Anti-Pharma populism wins consistently at the ballot box

Pharma’s popularity swung wildly between 2019 and 2021. Before the Covid-19 pandemic, Gallup found pharma was the most reviled industry in America with 58% disapproval. The disapproval of pharma dropped to just 31% two years later after the industry rolled out three different Covid-19 vaccines that allowed society to reopen. But Presidents Trump and Biden have both scored points by dunking on Big Pharma, with the Trump administration rolling out two separate rules on drug price transparency at the end of his term, and Biden pushing to lower drug prices in his Build Back Better legislation that ultimately failed to pass Congress.

Beyond just Purdue Pharma and the Sackler family, the entire pharmaceutical industry is known for playing with large sums of money to influence public policy. According to OpenSecrets’ campaign finance database, pharma has contributed a roughly even amount to both Democrats and Republicans, spending more than $318 million in federal races since 1990. Pharma’s return on investment becomes apparent when looking at the largest recipients of their campaign contributions, like former Congressman Kurt Schrader (D-Oregon).

The New Republic referred to Schrader as “Big Pharma’s favorite democrat” in an article about his unsuccessful reelection bid in the 2022 midterms. This moniker is fitting, given that Schrader received more than $740,000 in donations from Big Pharma since 2007.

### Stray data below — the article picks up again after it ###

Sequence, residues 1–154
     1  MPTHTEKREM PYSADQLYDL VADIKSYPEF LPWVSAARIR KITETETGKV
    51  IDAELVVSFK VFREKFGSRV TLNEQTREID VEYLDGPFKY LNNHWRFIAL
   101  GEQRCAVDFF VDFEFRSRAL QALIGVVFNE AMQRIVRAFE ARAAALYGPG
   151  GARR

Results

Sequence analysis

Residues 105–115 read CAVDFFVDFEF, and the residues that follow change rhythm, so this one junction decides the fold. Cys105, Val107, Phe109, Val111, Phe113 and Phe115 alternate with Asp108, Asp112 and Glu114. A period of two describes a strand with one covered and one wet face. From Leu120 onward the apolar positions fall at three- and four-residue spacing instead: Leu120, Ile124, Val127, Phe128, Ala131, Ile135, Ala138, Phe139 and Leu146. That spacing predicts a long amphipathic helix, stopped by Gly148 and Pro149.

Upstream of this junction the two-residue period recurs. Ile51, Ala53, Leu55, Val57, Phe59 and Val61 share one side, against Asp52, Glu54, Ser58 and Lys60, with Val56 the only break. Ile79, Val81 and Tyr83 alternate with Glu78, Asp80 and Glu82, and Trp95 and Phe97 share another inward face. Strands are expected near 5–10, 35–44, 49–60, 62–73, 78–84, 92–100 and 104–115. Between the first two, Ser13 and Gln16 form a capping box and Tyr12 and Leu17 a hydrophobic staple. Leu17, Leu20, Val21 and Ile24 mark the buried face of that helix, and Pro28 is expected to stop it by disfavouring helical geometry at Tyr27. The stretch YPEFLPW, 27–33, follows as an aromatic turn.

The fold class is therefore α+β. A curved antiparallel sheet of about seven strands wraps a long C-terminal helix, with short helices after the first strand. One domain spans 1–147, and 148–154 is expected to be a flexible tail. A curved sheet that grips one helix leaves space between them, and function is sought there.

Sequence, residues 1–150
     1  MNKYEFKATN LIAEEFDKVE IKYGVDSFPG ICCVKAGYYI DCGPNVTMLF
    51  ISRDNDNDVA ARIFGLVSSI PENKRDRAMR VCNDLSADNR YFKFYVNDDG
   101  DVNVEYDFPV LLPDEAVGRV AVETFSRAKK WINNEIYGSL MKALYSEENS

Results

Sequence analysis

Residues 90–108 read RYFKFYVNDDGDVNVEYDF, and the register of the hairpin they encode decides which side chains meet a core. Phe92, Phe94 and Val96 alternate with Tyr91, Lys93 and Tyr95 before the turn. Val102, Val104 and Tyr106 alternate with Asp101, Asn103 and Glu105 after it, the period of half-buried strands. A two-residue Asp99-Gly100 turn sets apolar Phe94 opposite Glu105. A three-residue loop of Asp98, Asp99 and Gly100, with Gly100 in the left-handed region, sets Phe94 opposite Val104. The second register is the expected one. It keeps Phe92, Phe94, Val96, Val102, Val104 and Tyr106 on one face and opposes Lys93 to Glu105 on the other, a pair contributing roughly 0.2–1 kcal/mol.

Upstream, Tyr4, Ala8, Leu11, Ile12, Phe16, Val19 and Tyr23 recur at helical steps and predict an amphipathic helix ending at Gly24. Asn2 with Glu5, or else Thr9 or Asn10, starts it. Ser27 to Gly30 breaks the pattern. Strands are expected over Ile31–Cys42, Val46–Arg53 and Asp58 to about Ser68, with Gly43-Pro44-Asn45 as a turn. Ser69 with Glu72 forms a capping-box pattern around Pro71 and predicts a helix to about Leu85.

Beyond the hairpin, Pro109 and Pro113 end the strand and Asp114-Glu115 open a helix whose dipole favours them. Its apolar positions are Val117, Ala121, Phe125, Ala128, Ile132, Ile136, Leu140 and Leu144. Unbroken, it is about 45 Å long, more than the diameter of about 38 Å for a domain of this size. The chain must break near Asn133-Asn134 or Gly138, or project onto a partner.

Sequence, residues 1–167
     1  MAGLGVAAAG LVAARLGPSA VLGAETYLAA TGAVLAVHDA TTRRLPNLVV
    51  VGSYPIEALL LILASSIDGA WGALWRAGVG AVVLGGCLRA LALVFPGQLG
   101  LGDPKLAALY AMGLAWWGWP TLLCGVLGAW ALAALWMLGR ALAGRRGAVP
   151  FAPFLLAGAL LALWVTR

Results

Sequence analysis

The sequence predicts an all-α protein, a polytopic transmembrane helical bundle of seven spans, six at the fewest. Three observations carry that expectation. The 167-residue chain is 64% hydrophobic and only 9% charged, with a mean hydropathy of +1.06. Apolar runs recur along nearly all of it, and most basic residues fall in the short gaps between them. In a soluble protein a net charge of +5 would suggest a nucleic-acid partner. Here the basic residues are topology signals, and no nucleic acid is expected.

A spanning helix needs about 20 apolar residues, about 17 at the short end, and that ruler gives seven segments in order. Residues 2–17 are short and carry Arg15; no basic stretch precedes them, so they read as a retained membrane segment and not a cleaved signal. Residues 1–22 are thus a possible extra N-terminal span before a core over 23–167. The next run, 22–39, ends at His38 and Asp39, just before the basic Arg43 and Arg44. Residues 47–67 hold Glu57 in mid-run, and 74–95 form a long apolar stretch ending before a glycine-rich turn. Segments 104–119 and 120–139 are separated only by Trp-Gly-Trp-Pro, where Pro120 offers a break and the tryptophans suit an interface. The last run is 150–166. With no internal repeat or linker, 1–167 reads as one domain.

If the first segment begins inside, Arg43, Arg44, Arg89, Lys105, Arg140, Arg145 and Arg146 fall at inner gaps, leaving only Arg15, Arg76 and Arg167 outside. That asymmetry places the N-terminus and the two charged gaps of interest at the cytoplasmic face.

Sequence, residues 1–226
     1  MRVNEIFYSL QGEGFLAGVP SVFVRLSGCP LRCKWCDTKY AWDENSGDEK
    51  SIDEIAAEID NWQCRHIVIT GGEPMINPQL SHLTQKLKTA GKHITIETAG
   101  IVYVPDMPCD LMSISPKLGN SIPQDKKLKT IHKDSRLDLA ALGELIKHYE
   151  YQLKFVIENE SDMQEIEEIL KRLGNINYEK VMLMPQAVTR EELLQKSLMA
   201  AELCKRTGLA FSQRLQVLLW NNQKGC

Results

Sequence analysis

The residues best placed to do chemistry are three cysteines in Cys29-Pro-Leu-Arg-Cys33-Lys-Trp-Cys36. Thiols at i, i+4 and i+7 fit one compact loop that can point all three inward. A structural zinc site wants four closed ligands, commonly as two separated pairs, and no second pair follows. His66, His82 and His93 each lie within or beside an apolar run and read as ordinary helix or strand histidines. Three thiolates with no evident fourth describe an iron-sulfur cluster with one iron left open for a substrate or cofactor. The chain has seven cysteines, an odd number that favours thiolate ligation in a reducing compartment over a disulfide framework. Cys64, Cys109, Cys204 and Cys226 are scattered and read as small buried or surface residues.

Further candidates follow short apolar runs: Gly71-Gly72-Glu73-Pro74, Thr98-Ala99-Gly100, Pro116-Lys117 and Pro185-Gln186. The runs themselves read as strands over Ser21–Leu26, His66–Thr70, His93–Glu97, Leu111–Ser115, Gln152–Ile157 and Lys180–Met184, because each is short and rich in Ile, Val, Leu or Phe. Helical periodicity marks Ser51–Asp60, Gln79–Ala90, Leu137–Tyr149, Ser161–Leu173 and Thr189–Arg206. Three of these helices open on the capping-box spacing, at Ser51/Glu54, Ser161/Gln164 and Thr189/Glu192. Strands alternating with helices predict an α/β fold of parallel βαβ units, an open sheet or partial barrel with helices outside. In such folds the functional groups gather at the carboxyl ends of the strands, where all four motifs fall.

For most of his time in Congress, [Schrader] made his mark chiefly as a shameless friend of Big Pharma. Last year, he was the key leader who helped kill prescription drug pricing legislation—a key part of Biden’s Build Back Better agenda—in committee. And during that debate he carved out time to fundraise near Congress with members of the pharmaceutical industry.

Schrader didn’t even make it to the general election, losing in the primary to Jamie McLeod-Skinner, a more progressive opponent, who in turn lost to a Republican in November. It could be argued that voters of Oregon’s 5th Congressional District – which was held by Democrats for 25 years – could have hated their pharma-friendly Congressman so much that they not only voted him out, but switched parties. It could also be just as likely that the redistricting of OR-5, in which the state capital of Salem was cut out and replaced with the more rural community of Bend, changed the electorate enough to make it competitive enough for a Republican to win.